I do not necessarily disagree with you. I agree that hedge funds that do not hedge do not serve a purpose (at least not until we return to a true market economy where stock-picking becomes important again). I am saying that there is a place for real traditional hedge funds that actually hedge.
Much of what you say is correct in the theoretical sense, but not in actual practice. Studies show that most people buy high and later sell low during a crisis, which means that it might take them up to a decade or more to break even. For example, it took the NASDAQ 17 years to recover its losses from its 2000 high. Such people would be far better off incurring the cost of hedging, whether by doing it themselves or through a hedge fund. Moreover, studies also show that index investors almost never achieve index returns because of investor psychology reasons. So, even investors who invest in index funds rarely achieve index returns.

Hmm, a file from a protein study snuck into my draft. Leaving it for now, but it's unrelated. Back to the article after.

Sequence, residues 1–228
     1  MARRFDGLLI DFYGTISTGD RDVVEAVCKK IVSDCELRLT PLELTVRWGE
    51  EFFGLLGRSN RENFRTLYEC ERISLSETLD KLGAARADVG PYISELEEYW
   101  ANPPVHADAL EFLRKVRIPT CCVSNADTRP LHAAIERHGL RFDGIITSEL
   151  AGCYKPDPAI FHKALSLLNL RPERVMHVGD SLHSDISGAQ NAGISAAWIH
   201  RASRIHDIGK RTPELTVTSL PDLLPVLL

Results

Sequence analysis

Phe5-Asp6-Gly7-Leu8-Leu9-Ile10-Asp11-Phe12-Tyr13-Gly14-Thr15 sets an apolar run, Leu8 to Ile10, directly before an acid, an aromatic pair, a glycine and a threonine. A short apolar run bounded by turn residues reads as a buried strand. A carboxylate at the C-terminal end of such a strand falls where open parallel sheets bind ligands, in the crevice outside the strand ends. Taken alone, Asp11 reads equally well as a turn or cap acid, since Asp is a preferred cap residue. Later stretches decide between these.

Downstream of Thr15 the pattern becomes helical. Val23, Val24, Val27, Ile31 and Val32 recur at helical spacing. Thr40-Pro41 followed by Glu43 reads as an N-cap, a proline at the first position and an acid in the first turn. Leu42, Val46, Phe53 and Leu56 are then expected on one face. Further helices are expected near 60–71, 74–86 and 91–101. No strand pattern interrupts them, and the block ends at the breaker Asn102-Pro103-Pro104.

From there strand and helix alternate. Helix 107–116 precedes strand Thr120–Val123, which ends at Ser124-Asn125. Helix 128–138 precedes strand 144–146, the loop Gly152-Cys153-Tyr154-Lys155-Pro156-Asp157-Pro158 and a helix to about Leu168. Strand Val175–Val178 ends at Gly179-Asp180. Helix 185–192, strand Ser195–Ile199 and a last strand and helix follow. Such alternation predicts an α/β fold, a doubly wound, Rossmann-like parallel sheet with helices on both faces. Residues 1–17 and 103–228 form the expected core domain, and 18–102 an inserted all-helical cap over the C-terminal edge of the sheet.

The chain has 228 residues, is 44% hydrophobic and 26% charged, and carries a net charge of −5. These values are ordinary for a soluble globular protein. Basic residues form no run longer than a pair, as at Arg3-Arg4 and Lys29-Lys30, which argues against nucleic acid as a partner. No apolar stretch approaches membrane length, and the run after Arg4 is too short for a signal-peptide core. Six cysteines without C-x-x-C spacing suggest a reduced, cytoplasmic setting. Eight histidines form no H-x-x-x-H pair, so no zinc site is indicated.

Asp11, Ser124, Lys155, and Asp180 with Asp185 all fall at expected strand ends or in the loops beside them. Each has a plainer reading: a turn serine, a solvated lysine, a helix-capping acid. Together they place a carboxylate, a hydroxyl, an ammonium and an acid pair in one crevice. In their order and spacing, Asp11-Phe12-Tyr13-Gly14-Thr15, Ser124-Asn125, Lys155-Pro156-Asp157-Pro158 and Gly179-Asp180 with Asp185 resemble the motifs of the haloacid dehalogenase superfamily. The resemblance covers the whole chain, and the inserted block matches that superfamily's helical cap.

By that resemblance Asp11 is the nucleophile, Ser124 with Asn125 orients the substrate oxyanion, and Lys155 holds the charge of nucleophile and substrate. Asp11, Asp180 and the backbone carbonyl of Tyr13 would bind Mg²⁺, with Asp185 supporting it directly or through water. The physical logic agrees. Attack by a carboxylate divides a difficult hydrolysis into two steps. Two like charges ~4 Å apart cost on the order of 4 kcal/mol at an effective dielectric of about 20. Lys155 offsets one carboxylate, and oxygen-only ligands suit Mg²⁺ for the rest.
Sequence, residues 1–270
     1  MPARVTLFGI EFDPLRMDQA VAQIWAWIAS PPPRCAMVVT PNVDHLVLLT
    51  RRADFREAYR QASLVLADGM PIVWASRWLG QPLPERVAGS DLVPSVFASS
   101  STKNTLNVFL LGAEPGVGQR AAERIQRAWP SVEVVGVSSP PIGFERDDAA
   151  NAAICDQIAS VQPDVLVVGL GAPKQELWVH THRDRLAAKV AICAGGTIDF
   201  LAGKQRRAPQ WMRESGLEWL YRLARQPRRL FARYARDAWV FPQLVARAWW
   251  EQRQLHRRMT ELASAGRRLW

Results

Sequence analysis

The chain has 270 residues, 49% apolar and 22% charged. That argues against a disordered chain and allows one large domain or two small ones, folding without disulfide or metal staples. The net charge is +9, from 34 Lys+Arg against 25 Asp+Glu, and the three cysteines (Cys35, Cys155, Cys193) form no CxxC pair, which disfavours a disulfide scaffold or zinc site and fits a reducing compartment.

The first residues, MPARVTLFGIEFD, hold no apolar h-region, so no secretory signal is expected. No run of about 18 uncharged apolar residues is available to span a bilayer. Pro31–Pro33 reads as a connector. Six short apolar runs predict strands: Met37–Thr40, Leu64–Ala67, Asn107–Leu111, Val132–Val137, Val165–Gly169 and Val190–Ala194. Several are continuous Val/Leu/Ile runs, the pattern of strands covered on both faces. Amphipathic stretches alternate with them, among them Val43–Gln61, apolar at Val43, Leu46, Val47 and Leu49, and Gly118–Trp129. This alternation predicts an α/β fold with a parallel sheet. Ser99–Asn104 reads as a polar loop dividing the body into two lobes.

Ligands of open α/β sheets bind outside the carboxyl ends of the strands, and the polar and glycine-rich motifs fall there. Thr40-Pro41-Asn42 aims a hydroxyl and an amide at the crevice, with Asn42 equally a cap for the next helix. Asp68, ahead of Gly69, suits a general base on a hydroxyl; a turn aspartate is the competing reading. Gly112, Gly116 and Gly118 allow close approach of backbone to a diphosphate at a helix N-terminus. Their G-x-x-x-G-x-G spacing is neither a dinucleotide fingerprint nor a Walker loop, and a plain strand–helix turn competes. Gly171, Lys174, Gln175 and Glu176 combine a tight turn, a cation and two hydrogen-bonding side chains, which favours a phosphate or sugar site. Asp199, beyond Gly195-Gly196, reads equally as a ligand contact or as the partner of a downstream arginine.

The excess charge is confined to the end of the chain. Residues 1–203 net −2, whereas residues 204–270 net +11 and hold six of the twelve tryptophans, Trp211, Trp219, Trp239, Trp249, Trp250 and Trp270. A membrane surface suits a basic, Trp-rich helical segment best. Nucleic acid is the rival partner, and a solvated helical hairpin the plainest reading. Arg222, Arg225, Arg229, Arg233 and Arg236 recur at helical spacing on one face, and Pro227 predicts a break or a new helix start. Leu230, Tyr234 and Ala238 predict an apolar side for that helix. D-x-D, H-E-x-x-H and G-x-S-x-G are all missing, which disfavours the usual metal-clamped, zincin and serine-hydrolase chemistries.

The retail investors who buy high and panic sell in times of crisis will be burned, true. But the ones who invest without leverage and can keep their head cold and keep buying during crisis will come out on top.
Does low interest rate inflate the price of zombie companies? Maybe. But who said anything about retail investing in those companies? The main discussion here is to compare performance of hedge funds vs index funds. The index funds I mentioned are blue chips like S&P 500. There is very few, if any, zombie companies in S&P 500 because the requirement is the companies have to make profits.